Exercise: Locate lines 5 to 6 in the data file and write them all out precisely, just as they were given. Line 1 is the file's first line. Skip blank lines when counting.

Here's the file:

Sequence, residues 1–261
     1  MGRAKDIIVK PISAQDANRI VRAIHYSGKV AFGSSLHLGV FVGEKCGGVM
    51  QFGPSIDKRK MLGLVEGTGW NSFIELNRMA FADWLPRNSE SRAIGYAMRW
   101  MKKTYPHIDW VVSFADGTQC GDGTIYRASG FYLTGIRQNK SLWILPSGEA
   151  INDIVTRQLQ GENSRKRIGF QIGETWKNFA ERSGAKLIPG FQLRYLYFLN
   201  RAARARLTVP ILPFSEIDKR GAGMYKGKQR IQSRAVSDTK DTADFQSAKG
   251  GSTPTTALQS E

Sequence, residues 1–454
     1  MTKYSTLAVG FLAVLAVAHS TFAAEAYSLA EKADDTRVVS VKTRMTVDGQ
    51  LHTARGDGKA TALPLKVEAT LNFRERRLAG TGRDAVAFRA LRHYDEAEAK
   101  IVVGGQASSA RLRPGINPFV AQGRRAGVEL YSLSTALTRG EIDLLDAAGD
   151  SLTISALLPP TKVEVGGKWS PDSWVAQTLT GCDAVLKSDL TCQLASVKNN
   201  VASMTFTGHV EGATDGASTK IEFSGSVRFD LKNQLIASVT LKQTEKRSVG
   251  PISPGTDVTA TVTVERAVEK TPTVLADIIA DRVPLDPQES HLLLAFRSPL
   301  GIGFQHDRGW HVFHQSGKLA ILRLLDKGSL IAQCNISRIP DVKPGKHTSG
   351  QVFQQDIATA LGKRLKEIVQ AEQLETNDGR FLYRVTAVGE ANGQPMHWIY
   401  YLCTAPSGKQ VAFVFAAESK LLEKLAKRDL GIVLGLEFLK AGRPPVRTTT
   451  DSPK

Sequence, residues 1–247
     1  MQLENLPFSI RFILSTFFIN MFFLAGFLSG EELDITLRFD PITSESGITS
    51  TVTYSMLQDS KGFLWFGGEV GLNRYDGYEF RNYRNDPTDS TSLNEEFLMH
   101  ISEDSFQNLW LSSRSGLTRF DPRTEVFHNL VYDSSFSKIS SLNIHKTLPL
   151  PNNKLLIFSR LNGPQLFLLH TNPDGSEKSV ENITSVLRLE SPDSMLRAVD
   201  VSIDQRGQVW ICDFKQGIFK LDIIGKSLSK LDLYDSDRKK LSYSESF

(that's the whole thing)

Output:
   151  INDIVTRQLQ GENSRKRIGF QIGETWKNFA ERSGAKLIPG FQLRYLYFLN
   201  RAARARLTVP ILPFSEIDKR GAGMYKGKQR IQSRAVSDTK DTADFQSAKG